Normal view MARC view ISBD view

The presence Sr2 resistance reinforced Sr24 against the virulent race TTKST

By: Njau, P.N.
Contributor(s): Keller, B [coaut.] | McIntosh, R | Huerta-Espino, J [coaut.] | Singh, R.P [coaut.] | Bhavani, S [coaut.].
Material type: materialTypeLabelBookAnalytics: Show analyticsPublisher: 2011Description: p. 189.Online resources: Access only for CIMMYT Staff Summary: Utilization of stem rust resistance genes in breeding programs resulted in effective control of stem rust in most countries during the second half of the 20thcentury. However, the detection of stem rust race Ug99 in East Africa in 1998, a Pgt race with broad virulence, and adaptive capacity, and frequent stepwise mutations to new strains, indicated that continued efforts were necessary to control the disease. This study was aimed at evaluating the effectiveness of quantitative resistance in reducing the susceptibility of wheat in case a major gene breaks down during the onset of a new virulent race. In 2005 a trial was set to evaluate the effectiveness of Sr24 in controlling Ug99. The trial consisted of wheat lines with Sr24±Sr2, and was carried out for four seasons; viz. 2005, 2006 and 2 seasons in 2007. During the first two seasons, Sr24 gene was very effective conferring a near immune response. In the last season of 2007 a new race identified as TTKST and virulent to Sr24 appeared in Kenya. The results indicated that lines combining Sr24 and Sr2 remained resistant whereas those lacking Sr2 were susceptible scoring up to 90S. These results imply that deployment of quantitative disease resistant enes in a major gene resistance background may safeguard wheat from an epidemic in case of evolution of a virulent race like TTKST. Breeding to incorporate both major and minor genes may increase durability.
Tags from this library: No tags from this library for this title. Log in to add tags.
    average rating: 0.0 (0 votes)
Item type Current location Collection Call number Status Date due Barcode Item holds
Conference proceedings CIMMYT Knowledge Center: John Woolston Library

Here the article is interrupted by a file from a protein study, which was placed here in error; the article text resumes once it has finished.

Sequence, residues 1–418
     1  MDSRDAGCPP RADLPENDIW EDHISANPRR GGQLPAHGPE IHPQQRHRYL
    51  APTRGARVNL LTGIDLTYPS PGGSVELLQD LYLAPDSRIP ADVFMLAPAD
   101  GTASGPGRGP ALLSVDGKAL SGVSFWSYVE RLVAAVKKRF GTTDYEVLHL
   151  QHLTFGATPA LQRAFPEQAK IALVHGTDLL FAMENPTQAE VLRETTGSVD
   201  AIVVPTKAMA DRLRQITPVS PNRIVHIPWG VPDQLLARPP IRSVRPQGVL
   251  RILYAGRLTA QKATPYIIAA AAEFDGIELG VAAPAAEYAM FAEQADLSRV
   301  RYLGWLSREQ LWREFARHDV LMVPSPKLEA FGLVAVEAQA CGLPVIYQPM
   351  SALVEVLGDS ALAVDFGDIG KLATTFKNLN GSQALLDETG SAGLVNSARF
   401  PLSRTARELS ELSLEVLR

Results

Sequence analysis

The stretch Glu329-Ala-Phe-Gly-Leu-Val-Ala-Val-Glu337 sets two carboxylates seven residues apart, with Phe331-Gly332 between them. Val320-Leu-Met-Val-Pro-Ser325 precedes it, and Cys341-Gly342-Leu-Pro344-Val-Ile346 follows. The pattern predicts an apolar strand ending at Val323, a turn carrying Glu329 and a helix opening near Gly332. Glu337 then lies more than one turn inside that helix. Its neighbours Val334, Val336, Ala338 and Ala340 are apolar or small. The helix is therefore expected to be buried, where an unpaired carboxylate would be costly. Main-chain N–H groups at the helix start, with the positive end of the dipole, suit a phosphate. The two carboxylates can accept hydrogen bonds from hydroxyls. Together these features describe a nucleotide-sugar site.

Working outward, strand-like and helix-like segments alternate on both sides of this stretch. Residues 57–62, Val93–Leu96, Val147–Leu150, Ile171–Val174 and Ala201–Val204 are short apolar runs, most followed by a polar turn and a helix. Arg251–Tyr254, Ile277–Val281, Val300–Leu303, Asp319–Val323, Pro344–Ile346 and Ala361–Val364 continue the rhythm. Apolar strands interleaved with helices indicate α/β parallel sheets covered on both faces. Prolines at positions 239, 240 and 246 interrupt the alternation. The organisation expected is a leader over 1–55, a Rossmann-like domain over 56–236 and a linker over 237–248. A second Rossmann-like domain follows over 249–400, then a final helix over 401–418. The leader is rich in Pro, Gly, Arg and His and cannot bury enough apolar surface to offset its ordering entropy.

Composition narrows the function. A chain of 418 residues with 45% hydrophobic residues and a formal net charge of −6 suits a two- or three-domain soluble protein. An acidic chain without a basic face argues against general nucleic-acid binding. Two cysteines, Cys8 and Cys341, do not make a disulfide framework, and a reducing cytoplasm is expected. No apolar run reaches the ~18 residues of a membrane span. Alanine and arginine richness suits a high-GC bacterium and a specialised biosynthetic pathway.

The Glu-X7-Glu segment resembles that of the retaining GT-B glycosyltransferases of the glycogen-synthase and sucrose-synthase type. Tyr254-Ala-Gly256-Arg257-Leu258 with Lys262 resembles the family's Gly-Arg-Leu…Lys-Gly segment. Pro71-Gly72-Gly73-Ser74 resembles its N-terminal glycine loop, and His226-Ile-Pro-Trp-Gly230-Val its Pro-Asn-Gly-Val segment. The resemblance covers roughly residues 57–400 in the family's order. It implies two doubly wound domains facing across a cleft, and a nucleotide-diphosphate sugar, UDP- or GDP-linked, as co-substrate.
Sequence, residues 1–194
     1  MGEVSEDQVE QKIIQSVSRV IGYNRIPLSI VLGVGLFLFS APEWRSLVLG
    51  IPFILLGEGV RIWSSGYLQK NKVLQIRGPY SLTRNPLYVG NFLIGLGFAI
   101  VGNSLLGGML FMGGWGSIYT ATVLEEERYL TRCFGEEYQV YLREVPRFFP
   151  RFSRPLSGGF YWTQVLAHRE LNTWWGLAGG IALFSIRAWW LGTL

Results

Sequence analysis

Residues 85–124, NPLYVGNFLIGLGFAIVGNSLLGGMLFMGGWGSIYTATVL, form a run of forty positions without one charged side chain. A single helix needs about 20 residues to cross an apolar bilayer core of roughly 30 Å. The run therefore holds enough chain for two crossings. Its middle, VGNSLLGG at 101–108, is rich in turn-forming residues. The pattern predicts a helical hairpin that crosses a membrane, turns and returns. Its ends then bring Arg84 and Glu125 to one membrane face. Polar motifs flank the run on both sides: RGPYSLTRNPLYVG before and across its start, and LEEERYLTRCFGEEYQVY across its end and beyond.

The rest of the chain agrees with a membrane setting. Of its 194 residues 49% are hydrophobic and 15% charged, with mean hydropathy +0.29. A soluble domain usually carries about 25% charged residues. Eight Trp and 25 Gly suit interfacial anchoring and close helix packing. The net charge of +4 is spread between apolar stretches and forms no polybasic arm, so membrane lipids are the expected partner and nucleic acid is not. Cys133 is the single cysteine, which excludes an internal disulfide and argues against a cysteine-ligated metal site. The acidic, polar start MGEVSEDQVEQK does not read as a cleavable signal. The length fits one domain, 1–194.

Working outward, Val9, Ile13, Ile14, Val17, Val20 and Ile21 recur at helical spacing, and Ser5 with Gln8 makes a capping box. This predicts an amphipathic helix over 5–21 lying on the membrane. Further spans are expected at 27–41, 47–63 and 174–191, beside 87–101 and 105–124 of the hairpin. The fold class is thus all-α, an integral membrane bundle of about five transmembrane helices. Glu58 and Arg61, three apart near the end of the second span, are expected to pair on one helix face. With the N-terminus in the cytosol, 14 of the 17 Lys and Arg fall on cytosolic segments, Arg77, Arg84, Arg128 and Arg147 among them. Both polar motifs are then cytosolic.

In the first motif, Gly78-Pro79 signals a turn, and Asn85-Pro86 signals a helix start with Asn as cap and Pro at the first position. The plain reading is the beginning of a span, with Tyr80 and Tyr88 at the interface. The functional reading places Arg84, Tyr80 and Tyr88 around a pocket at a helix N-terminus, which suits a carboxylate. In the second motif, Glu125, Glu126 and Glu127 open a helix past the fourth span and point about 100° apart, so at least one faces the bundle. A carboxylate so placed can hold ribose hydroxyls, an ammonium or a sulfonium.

Lic. Jose Juan Caballero Flores

 

CIMMYT Staff Publications Collection CIS-6340 (Browse shelf) Available
Total holds: 0

Abstract only

Utilization of stem rust resistance genes in breeding programs resulted in effective control of stem rust in most countries during the second half of the 20thcentury. However, the detection of stem rust race Ug99 in East Africa in 1998, a Pgt race with broad virulence, and adaptive capacity, and frequent stepwise mutations to new strains, indicated that continued efforts were necessary to control the disease. This study was aimed at evaluating the effectiveness of quantitative resistance in reducing the susceptibility of wheat in case a major gene breaks down during the onset of a new virulent race. In 2005 a trial was set to evaluate the effectiveness of Sr24 in controlling Ug99. The trial consisted of wheat lines with Sr24±Sr2, and was carried out for four seasons; viz. 2005, 2006 and 2 seasons in 2007. During the first two seasons, Sr24 gene was very effective conferring a near immune response. In the last season of 2007 a new race identified as TTKST and virulent to Sr24 appeared in Kenya. The results indicated that lines combining Sr24 and Sr2 remained resistant whereas those lacking Sr2 were susceptible scoring up to 90S. These results imply that deployment of quantitative disease resistant enes in a major gene resistance background may safeguard wheat from an epidemic in case of evolution of a virulent race like TTKST. Breeding to incorporate both major and minor genes may increase durability.

Global Wheat Program

English

Lucia Segura

INT2843|INT0610

There are no comments for this item.

Log in to your account to post a comment.

Click on an image to view it in the image viewer

baner

International Maize and Wheat Improvement Center (CIMMYT) © Copyright 2015. Carretera México-Veracruz. Km. 45, El Batán, Texcoco, México, C.P. 56237.
Monday –Friday 9:00 am. 17:00 pm. If you have any question, please contact us at CIMMYT-Knowledge-Center@cgiar.org

Centro Internacional de Mejoramiento de Maíz y Trigo (CIMMYT) © Copyright 2015. Carretera México-Veracruz. Km. 45, El Batán, Texcoco, México, C.P. 56237.
Lunes –Viernes 9:00 am. 17:00 pm. Si tiene cualquier pregunta, contáctenos a CIMMYT-Knowledge-Center@cgiar.org